Kurds make up around 15-20 per cent of Iraq’s population, and inhabit the mountains, foothills and parts of the plain from approximately Khaniqin in the south in an arc to Zakhu in the north, and with the outpost of Jabal Sinjar to the north-west, where the Kurds are Yezidi. The Kurds do not form a homogenous whole (see Iran, Türkiye, Syria). Those north of the Greater Zab river speak Kirmanji Kurdish, as do most Turkish Kurds, while those south of it speak Sorani and have greater affinity with Iranian Kurds. The majority are Shafi’i Sunni, but about 150,000 in Baghdad and the south-east were Shi’a (known locally as Faili), mostly of Luri (see Iran) origin. In Baghdad the Failis were important both as traders and porters in the main suq. Most were expelled by the government in the 1970s.
Kurdish society and politics were before the 1970s dominated by tribalism. Urban or educated Kurds have only assumed political leadership in the latter twentieth century. There are two main political parties, the Kurdistan Democratic Party (KDP), led by Mas’ud Barzani, which is dominant north of the Greater Zab and upholds more traditional values, and Jalal Talabani’s Patriotic Union of Kurdistan (PUK), which claims a ‘progressive’ ideology and is led by urban Kurds.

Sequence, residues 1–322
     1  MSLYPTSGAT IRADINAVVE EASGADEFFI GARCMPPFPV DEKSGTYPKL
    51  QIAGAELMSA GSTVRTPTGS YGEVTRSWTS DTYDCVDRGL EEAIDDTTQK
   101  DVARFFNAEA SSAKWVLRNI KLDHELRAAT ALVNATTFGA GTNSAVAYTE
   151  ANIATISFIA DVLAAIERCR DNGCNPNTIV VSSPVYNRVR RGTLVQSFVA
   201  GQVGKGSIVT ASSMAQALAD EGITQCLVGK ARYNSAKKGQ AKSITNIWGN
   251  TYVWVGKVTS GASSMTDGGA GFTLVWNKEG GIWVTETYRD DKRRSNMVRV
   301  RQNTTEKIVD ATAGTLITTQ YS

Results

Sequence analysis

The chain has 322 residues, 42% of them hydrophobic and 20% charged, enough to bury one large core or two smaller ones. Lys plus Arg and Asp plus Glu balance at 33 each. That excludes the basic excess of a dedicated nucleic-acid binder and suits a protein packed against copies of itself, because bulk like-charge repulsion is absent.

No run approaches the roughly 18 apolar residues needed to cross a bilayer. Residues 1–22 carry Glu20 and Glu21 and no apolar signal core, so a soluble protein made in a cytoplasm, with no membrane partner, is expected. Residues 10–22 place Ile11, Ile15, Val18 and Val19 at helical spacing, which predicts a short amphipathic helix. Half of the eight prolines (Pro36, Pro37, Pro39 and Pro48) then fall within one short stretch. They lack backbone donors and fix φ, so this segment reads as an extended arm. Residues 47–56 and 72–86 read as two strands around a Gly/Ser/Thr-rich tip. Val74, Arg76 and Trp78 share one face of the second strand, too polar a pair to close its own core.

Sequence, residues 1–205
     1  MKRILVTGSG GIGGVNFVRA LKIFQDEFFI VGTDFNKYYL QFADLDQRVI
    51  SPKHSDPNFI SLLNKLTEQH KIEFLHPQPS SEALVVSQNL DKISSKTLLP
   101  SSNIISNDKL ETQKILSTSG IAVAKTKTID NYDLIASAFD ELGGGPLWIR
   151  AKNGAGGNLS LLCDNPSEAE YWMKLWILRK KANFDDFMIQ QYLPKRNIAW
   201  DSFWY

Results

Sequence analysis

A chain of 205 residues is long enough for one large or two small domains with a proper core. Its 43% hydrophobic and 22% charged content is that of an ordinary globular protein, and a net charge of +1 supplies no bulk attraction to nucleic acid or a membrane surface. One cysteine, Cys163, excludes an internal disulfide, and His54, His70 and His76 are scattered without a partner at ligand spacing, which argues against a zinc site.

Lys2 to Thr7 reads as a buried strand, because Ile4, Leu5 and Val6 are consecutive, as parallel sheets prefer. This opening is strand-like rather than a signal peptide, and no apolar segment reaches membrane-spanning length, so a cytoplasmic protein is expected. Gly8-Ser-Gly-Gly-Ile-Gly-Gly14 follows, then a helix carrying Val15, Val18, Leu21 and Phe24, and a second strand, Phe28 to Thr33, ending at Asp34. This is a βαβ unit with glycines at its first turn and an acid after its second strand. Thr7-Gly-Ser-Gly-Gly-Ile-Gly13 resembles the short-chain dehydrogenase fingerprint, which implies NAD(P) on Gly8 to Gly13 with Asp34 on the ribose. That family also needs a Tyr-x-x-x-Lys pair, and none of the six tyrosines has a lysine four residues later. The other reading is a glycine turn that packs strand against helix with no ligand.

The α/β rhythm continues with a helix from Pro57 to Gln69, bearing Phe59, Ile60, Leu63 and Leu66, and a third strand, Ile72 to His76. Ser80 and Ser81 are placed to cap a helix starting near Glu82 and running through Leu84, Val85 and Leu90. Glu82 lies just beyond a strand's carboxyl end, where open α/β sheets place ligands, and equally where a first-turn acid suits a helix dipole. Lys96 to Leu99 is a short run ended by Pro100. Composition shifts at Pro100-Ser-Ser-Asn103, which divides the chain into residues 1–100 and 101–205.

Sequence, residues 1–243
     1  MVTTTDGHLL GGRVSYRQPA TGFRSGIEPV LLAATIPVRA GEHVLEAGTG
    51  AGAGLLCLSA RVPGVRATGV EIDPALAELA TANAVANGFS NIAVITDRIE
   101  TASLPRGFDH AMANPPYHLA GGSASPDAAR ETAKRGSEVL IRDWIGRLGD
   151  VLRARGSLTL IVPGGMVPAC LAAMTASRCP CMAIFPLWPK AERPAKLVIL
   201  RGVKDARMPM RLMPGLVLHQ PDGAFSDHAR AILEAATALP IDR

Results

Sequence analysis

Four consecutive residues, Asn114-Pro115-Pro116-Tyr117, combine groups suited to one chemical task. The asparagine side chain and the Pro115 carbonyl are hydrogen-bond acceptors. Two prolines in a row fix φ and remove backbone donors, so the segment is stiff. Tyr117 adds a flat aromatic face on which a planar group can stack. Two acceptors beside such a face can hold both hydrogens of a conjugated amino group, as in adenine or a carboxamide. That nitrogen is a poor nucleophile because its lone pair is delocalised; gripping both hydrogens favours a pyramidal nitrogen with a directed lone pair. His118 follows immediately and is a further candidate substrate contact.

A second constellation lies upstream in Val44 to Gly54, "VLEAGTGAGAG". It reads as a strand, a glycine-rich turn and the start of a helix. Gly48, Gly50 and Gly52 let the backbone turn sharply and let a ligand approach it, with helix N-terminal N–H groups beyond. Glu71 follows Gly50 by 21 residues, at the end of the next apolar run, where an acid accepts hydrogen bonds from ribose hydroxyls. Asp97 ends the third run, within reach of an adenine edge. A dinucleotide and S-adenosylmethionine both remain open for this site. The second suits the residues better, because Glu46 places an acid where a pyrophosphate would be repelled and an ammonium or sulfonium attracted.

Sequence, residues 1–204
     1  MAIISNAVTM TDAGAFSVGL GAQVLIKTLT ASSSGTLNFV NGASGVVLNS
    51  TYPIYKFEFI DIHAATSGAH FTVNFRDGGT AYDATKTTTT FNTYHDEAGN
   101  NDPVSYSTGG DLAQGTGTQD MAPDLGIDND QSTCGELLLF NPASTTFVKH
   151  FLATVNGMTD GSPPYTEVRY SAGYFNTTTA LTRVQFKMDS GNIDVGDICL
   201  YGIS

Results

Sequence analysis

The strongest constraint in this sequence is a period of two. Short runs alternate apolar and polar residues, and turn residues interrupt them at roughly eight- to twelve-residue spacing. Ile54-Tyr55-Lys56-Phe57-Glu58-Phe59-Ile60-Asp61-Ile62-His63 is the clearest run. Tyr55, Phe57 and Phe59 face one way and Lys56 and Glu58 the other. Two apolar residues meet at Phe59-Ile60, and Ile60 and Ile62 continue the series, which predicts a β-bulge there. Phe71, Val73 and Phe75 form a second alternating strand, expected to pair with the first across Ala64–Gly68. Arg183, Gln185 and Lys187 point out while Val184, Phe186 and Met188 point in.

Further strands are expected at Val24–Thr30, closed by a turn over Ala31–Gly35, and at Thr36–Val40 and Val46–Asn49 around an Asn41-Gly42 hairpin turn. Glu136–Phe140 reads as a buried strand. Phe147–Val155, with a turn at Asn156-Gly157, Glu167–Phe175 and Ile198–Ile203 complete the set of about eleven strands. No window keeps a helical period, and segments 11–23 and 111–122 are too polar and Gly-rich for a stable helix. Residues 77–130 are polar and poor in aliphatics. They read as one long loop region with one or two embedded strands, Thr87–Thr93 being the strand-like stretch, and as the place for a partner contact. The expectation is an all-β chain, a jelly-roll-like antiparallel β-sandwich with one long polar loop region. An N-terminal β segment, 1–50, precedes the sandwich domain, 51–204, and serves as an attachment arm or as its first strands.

After many years of bitter fighting, which weakened both parties, Talabani was elected President of Iraq whilst Barzani became president of the Kurdistan region.
Kurdish nationalism was born during the 1930s, when young urban nationalists challenged tribalism within, and the Arab-dominated government outside, the community. It resented the way in which Kurdish political and cultural rights had been ignored by successive regimes. It acquired momentum during the 1960s, when it was still possible to resist army assaults. But until 1991 there were always almost equal numbers of Kurds who have fought for the government, either willingly or under duress.
In 1970 Saddam Hussein offered the Kurds a formal autonomy agreement. It seemed an historic landmark until it became clear that Saddam intended to rob the term autonomy of its meaning. In 1975 he defeated the Kurdish forces. The Iran-Iraq War gave the Kurds another chance to force government troops out and demand autonomy. But as Iranian offensives began to lose momentum, Iraq used chemical warfare and genocide against Kurds. In March 1988, 5,000 Kurds perished in a chemical attack on Halabja. During the same period the government embarked on genocide, the notorious ‘Anfal’, killing in the order of 180,000 men, women and children, and razing almost 4,000 out of 5,000 villages and hamlets in Kurdistan.